Earlier this year I spent a week in the Amazon rainforest arranging a trip through Sweetwater Travel, longtime friends in the trade, to secure eight spaces in a fly-fishing-only lodge located 300 miles north of Manaus, Brazil, deep in the jungle.
My biggest shock came when I found we would be landing our included charter from Manaus on a paved, 3000-foot runway just 200 meters from the lodge!
The owner has completed quite a feat, using barges when the river levels allowed to bring in materials and building six air-conditioned guest houses, complete with private baths. Each guest house can accommodate two guests. Covered porches invite private afternoon cocktail hours, with views of the river and surrounding foliage from the comfort of a surrounding manicured lawn. There is a freshwater filtered swimming pool with attended bar at poolside at the end of the day.
There is a main building where meals are served buffet-style on a banquet-sized long table. The food is excellent, with two entrees and a varied selection of side dishes for the evening meal. Fresh fruits from the jungle were a mainstay, as well, at all three meals.
Most fishers voted to take along lunches and not return to the lodge, but instead, select a shaded spot at midday and then rest a bit in a hammock strung between trees provided by the guide. The guides have an imposed brief siesta stay in the boat using life vests and cushions for comfort.
The weather was hot when the wind died, as we were very close to the equator. I had visited this area on other rivers, but now was in the only fly-fishing-only, AC-equipped facility within hundreds of miles.
There were no bugs! The acidity of the dark but clear river will not support larval growth necessary for the normal annoying and dangerous insect bites found in most swampy areas. I saw or heard less than half a dozen mosquitoes the entire week! There are small no-see-ums that wait for the rare drop in the wind to swarm about, but normal applications of repellant keep them at bay.
Now, the fishing. We fished two to a boat, guided by Portuguese-speaking guides who poled from a raised platform, spotting fish and pointing excitedly. We rotated through a prearranged schedule, but the guides used the same areas each week and knew them well. It was great fun, and all seemed to like their job of making a pleasant, successful day. The language barrier was sometimes a problem and slightly annoying, but did not ruin one hour during my stay.
There are three patterns of Peacock Bass in this region, though some say they are all the same species in different phases of development. There is the most widespread, called a Butterfly, with a rich, dappled-green background with three distinct spots of bright yellow bordered in black down each side. This trip, I learned they can weigh 15 pounds, but never before had I witnessed one over 6 pounds.
There is the Paca, which is gunmetal gray with ivory-colored dots in a distinct pattern and rows of stripes running vertically down the fish’s side. This is supposed to be the best fighter of the lot, but that is a very fine line of judgment! Twelve pounds would be a large specimen.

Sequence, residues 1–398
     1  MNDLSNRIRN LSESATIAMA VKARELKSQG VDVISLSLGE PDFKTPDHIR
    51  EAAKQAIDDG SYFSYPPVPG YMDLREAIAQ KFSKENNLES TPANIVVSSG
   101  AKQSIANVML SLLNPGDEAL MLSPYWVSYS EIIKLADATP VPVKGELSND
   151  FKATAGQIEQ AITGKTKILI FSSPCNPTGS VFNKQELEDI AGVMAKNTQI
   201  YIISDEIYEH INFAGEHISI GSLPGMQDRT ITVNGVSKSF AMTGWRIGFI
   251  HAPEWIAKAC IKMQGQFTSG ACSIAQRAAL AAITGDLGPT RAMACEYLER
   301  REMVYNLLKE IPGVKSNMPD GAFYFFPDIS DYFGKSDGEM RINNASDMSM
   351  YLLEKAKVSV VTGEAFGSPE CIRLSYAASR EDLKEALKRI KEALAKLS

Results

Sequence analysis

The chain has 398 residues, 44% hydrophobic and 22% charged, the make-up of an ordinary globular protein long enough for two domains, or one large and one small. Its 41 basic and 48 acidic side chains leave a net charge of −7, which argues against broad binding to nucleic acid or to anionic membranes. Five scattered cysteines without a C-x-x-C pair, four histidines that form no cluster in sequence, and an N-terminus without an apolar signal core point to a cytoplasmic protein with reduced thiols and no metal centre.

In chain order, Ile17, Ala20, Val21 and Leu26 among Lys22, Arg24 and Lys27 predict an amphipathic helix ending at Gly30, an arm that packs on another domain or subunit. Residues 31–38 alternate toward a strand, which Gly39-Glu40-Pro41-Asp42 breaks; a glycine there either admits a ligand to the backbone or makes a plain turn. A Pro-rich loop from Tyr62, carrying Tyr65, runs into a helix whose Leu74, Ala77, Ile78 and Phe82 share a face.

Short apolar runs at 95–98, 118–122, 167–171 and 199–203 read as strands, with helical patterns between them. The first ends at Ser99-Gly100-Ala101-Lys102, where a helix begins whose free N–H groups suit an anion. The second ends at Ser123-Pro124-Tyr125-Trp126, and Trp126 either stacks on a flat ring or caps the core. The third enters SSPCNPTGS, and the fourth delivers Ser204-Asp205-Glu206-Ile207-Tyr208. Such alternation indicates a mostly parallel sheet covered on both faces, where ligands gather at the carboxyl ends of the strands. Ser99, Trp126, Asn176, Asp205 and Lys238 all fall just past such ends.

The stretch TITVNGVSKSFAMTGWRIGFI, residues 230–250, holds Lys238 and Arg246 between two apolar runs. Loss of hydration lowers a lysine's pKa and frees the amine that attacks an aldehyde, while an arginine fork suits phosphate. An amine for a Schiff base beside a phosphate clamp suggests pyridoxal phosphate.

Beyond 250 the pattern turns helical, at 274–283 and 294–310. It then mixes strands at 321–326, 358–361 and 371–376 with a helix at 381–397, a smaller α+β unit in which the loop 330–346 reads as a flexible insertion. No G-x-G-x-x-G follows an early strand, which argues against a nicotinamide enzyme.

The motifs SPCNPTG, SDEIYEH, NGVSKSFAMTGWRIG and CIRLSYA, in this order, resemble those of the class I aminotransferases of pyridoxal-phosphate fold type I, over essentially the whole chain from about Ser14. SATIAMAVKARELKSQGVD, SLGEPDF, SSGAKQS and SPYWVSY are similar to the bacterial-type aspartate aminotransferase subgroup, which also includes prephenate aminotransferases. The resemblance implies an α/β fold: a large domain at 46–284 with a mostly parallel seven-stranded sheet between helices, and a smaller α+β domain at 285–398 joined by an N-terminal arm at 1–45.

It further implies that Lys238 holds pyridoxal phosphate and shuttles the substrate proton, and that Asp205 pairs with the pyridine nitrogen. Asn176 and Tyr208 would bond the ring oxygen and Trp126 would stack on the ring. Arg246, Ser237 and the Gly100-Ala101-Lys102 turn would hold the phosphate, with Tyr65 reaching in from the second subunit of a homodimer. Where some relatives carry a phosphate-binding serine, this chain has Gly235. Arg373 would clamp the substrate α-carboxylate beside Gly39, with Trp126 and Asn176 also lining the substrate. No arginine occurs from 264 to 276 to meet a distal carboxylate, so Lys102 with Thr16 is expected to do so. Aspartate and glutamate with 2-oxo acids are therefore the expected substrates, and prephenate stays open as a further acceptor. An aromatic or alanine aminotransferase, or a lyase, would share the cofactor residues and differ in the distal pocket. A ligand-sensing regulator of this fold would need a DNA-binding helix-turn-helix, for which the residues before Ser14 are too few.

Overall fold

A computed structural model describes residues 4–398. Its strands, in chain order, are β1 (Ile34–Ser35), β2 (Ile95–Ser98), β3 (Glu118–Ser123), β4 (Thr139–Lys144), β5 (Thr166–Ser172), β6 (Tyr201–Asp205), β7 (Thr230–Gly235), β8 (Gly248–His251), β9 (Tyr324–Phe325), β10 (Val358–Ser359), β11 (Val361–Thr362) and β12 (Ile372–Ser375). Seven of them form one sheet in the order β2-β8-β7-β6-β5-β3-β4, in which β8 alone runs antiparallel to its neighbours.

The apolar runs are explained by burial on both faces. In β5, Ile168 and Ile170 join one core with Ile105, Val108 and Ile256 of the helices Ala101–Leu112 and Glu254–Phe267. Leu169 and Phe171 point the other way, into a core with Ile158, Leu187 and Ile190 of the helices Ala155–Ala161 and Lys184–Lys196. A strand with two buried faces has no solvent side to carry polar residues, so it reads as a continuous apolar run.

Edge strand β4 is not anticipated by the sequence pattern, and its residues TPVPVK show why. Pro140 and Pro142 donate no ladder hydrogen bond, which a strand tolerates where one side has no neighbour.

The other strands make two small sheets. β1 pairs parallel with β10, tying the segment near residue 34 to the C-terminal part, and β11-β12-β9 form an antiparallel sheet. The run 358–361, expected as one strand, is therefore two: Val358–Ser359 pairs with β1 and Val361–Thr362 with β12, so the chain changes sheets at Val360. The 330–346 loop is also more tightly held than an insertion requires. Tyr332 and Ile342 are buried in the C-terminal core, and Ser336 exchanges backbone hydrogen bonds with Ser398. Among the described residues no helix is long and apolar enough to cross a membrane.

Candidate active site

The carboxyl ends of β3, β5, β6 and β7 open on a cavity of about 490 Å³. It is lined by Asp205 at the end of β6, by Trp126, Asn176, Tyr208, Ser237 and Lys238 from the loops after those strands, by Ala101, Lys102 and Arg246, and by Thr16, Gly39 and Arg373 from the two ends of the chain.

Last is the brash, gaudily colored Royal fish, with a splash like spilled India ink behind the red-orange eye, wide black bar stripes vertically and a black dot near the tail. It’s a lovely animal, and the one that gets the largest, weighing 25 pounds.
There are 25 other species, and we caught many.
On previous trips, I had enjoyed decent catch numbers daily, but 8 pounds was my largest. I was in and out, sharing boats with those who threw bait casting lures with large propellers that were very effective. This trip, we used 8- to 10-weight single-handed rods and large, wide arbor reels with copious amounts of backing. The leaders were 40-lb. test straight or tapered material. I chose fluorocarbon and was satisfied with the results but did take extra care with the knots, which is necessary with that material.
I was most comfortable with an 8-weight floating intermediate line. I fished primarily with a Temple Fork Outfitters 8-weight, 4-piece Axiom model rod. It handled the casting and fighting of the fish beautifully.
The flies were large in some cases: nine inches long with flat prismed eyes glued on. Some were tied with gaudily colored chartreuse, red and yellow feathers, and sparkle strips added to their appeal. Some used poppers with success, but I did not explore this. These ambush predators were found near dense cover in packs, not schools. They chased bait fish relentlessly into shore, surrounded them and slashed back and forth, scattering their poor intended victims. This activity could be seen and heard at great distances and drew Caimans (alligator cousins) and fishermen as well.
At times, we fished the edges of sand bars with deep, dark water drop offs. The fish could be seen as promised. Each boat would land 20 to 30 fish a day, from 2 to 19 pounds -- which was the largest for the week. Ten- to 15-pound fish were common. Their street-fighter frantic runs and jumping was a thrill and many saw their knots from line to backing never seen before.
While fishing, three different lucky guests glimpsed jaguars. We all saw many Giant Macaws, and the smaller birds were a joy to see and hear. Butterflies with gorgeous colored patterns on their wings were everywhere we went. A Tapir came almost nightly and had little fear of man; the chef had tamed him with treats.
I look forward to my return next year mid-January, when the waters of the Agua Boa will be at low levels to drive the bait fish into lagoons and the main river from the surrounding jungle, with the Peacock Bass right behind them. Hit this timing right, a stout rod, reel with lots of backing and a reel with deep spool of backing and smooth drag -- and a rabbit's foot -- and you experience some delicious sport in a lovely spot.
by Harry Robertson